First Lessons from the Road

view of highway through a giant split boulder
Road cuts through giant boulder showing geological striations

After a year stuck in rural Florida, on December 27, 2021, I finally got on the road in a stripped down white hightop van. I had an empty shell. I put in a bed, rudimentary toileting system, a 12 volt fridge and a solar generator.

I drove the van from Florida to Arizona mostly along Interstate 10, wintered in different parts of Arizona and then traveled to Connecticut with a 2 month stay in the Chicago area. Seven months later the odometer shows I traveled 7,000 miles. Not bad for someone who didn’t drive for the previous 17 years.

Here are a few lessons I learned.

blue heron in a draining ditch behind a chain link fence

NATURE HEALS

No matter what is going on – broken van, friends dying, etc. – being outdoors makes everything better. “Outdoors” for me is often sitting in the driver’s seat parked near water, just watching & listening.

I am always surprised when a heron lands in the water runoff ditch at the edge of a truck stop. Nature always provides unexpected surprises.

screen share of travel apps

TRAVEL APPS

Apps make life easier. I use apps to find free campsites, check the weather, find overnight places to sleep in urban areas, etc.

My current favorite app is Merlin, a bird identification app. I hold my phone out the window and press “record”. Merlin tells me what birds are nearby and gives me a picture as well.

Women gathered around a desert campfire watching a video on the side of a white van
Some of my nomad resources

PEOPLE ARE THE BEST RESOURCES

This may be obvious but when I was first on the road, I would worry about things going wrong. Even before I left my home, I joined Facebook groups and Zoom virtual caravans.

My first group of nomad friends all came from the Women’s Virtual Caravan. They provided advice, support, and great ideas. I always enjoy listening to 52 women offering 52 different solutions to the same problem – how to stay warm, where to camp, setting up a cooking system, etc.

photo of trucks parked closely together with the sun setting behind them

FOLLOW A LONG HAUL TRUCKER

When in doubt, follow a long-haul trucker. When I am traveling long distances, I take freeways. The long haul truckers always know about upcoming lane changes long before I do. When I want to enjoy the landscape, I put myself 3 truck lengths behind one and set my speed to theirs. Makes the drive enjoyable.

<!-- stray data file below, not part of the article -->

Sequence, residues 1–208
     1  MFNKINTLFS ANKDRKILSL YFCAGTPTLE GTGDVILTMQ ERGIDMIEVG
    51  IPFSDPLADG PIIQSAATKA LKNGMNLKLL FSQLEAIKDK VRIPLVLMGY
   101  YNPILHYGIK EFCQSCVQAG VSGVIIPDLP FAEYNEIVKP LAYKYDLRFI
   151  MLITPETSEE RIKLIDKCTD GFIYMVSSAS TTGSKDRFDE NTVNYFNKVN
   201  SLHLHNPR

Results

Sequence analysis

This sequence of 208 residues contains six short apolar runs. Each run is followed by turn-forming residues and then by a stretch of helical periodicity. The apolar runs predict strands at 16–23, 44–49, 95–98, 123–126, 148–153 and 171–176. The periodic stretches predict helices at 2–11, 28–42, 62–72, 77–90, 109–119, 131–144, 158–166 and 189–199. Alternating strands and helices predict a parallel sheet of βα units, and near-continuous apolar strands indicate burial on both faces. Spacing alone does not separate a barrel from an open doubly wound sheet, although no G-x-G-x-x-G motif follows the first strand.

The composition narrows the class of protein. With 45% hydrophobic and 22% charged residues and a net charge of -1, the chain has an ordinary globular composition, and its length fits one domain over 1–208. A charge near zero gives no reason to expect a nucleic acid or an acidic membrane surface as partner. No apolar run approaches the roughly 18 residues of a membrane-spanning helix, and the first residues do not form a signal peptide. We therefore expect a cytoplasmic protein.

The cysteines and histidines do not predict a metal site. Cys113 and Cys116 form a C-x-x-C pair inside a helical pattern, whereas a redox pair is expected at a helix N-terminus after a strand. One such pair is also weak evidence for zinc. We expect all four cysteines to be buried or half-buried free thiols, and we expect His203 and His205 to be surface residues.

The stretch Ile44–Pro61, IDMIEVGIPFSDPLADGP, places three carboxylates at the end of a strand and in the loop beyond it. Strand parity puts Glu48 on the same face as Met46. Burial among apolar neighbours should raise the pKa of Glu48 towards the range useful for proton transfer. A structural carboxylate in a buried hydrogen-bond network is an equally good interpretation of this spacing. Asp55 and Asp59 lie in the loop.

photo of narrow lake at sunset

SITTING NEXT TO WATER

Everyday, I want to sit next to water. I look on the map to see where there’s water. I plan my breaks and overnights to be close to there.

IT’S ALWAYS SOMETHING

Lots of times my best plan doesn’t work out. In the beginning I got really upset about it. Now I figure that it’s just an opportunity to discover something new.

A woman who said she’d help me ghosted me after I’d driven 4 hours across Illinois to meet her, but I got to discover the Mississippi River’s beauty as it flows past Dubuque, Iowa, and the beautiful (and cheap) campground at the river’s edge.

Photo of a 3 foot tall statute of a gorilla wearing a Santa jacket, hat and white beard in the front lawn of a house.

FEAR IS A BULLY

Whenever I listen to women considering long-term traveling, they always talk about their worries. But the women who connect with other long-term nomads discover that their community will always provide help and solutions. With time, the fear of the unknown diminishes and the adventurous spirit grows.

When I started my nomad adventure I was a 69 year old large-bodied disabled woman who used a wheelchair and had serious long covid health issues.

Next month I’ll be 71. Everyday brings new beauty and joy.

Everyday offers a new surprise. Sometimes it’s a giant gorilla sculpture wearing a Santa suit in a rural Louisiana front yard.

4 thoughts on “First Lessons from the Road”

  1. Oh l knew you were courageous as well as adventurous when l first met you at Wheelchairs of Berkeley. You were so kind and patient with me. Even though you don’t need it l wish you the best adventures possible…

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